Go Around The Tech Corner…

Tech Tip 47: How to Choose an Internet Service Provider (ISP)

Posted on: November 2, 2009


ISPstitle

An ISP is a company that provides a gateway to the Internet for individuals and companies. Choosing an ISP requires you to answer this question: ‘what do I want to use the Internet for?’ If you can answer this, you can then start to work out your requirements. Other things you’ll have to consider are as follows:

– ‘how much Internet will I use each month?’

– ‘what time of day will I use it?’

– ‘how much web space can I have?’

– ‘can someone host my web site for me?’

– ‘is customer support important to me?’

– ‘how many e-mail addresses will I need?’

– ‘can the ISP support online payments?’

– ‘how much will it cost?’

DIFFERENT TYPES OF SERVICES

Once you have considered all these questions you then need to know the different types of services available. These include:

Pay-as-you-go

If you access the Internet for only a few hours each day and don’t want to have a web site, then this will be the solution to choose. The costs include call charges via your dial-up line, normally charged at local rates. These accounts can be set up very quickly and require little, if any, registration information.

Leased lines

These are point-to-point connections varying in speed from 64 k (fairly slow) to 2 Mb (very quick). They provide a direct, ‘always-on’ connection straight to an ISP, giving Internet access 24 hours a day, 7 days a week, usually via a device called a managed router (this provides a connection onto the Internet via the leased line). There is also the cost of a Service Level Agreement (SLA) to consider. The SLA provides agreed timescales for service and repair of the connection.

Broadband

There are two main options for broadband: Digital Subscriber Line (DSL), which includes the common Asynchronous Digital Subscriber Line (ADSL) and cable, commonly available for home use as well as business.

ADSL utilizes existing standard copper telephone lines, changing them into a high-speed digital link capable of carrying broadband services. This means most new subscribers don’t have to install new connections, and many don’t have to change main telephone numbers. The user installs a device called an ADSL modem that connects via a filter to the standard telephone socket. Users need to be within a certain minimum distance of a telephone exchange for ADSL to be available.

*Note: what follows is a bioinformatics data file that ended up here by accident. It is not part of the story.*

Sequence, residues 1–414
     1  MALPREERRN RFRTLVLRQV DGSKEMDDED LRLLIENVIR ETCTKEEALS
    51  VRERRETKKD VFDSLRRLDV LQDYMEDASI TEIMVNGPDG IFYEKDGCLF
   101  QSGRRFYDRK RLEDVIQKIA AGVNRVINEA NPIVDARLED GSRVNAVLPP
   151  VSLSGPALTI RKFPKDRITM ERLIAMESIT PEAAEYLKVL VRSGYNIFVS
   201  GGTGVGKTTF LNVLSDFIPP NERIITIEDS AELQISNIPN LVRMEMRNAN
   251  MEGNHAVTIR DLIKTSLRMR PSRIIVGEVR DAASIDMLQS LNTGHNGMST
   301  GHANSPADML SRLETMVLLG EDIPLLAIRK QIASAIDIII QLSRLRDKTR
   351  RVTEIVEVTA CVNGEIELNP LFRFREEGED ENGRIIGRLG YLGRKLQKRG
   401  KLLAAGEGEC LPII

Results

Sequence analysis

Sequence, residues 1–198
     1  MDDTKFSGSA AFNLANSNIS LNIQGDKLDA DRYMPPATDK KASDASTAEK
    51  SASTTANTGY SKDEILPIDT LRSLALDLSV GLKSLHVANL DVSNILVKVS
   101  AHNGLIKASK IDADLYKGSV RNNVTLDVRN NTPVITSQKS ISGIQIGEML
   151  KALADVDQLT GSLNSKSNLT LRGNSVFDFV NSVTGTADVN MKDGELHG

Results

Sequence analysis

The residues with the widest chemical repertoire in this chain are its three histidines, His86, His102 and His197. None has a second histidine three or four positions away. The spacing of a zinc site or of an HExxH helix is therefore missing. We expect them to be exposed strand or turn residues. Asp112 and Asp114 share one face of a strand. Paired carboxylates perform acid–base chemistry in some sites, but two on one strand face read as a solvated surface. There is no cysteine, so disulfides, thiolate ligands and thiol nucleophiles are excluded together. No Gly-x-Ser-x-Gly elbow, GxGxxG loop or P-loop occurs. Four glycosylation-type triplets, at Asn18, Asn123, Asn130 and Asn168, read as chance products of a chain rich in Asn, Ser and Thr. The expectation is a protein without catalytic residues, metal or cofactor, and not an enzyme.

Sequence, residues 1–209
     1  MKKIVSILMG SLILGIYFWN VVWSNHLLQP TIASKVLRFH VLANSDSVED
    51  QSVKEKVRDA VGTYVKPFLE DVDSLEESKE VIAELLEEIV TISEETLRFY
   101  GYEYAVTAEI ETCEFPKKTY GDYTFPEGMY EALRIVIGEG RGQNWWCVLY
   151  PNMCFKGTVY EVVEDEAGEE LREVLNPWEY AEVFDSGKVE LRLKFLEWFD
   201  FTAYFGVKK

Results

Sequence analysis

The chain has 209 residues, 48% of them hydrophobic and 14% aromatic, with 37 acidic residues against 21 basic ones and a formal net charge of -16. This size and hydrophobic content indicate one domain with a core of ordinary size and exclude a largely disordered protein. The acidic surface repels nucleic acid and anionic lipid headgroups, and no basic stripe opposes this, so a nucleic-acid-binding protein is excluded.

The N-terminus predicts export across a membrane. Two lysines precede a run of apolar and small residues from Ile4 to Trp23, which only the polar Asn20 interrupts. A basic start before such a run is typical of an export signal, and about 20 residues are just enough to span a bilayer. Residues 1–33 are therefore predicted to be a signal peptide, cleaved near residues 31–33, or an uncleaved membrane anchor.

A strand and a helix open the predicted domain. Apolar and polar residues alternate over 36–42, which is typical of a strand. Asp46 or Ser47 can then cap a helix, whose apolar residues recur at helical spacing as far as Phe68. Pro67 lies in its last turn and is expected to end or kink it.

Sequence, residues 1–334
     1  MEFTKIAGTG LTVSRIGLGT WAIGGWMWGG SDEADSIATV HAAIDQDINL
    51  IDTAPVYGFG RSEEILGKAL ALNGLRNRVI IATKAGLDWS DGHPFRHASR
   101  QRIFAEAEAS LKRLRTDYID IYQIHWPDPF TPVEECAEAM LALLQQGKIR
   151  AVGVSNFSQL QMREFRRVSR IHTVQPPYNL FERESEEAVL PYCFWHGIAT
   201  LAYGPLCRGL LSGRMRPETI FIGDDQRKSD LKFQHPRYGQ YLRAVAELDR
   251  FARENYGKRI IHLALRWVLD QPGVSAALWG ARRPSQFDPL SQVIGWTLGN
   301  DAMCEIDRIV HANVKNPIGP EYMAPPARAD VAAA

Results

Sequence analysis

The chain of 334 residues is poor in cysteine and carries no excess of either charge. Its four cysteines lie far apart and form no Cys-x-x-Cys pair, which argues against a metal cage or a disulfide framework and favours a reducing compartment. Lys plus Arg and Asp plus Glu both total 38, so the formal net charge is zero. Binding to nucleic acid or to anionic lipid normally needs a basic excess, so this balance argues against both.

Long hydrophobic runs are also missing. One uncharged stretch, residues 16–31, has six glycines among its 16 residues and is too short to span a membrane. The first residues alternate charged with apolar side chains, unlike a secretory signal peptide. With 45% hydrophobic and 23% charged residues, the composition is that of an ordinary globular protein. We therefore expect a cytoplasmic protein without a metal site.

Cable broadband normally uses fibre-optic cables, commonly installed in metropolitan areas for cable TV connection. Many such connections can run up to 40 times faster than standard narrowband, but require local cable access. Connection is via a device known as a cable ‘modem’, although in reality it is not a true modem; it is similar to a cable TV set top box. If there are multiple broadband users on your local cable loop, the communication speeds can be dramatically reduced.

I hope this post has been helpful for those who want to know about the main services ISPs provide. Do leave comments to enlighten us on what you know or about your experiences with ISPs..

– Millie

Advertisements

2 Responses to "Tech Tip 47: How to Choose an Internet Service Provider (ISP)"

Dial-up transmits data across the telephone line using the standard analog frequency, making it impossible to use your telephone while online.

Yeah that’s right – and dial up connections are way slower than the other kinds…

Leave a Reply

Fill in your details below or click an icon to log in:

WordPress.com Logo

You are commenting using your WordPress.com account. Log Out / Change )

Twitter picture

You are commenting using your Twitter account. Log Out / Change )

Facebook photo

You are commenting using your Facebook account. Log Out / Change )

Google+ photo

You are commenting using your Google+ account. Log Out / Change )

Connecting to %s

Me – The author of this blog!


This is my tech blog. I got another blog, full of jokes that will crack u up! http://humoraddict.blogspot.com

Follow milliepatel84 on Twitter

Tweet Tweet…!!!!

Blog Stats

  • 43,752 hits

Top Clicks

  • None

Flickr Photos

%d bloggers like this: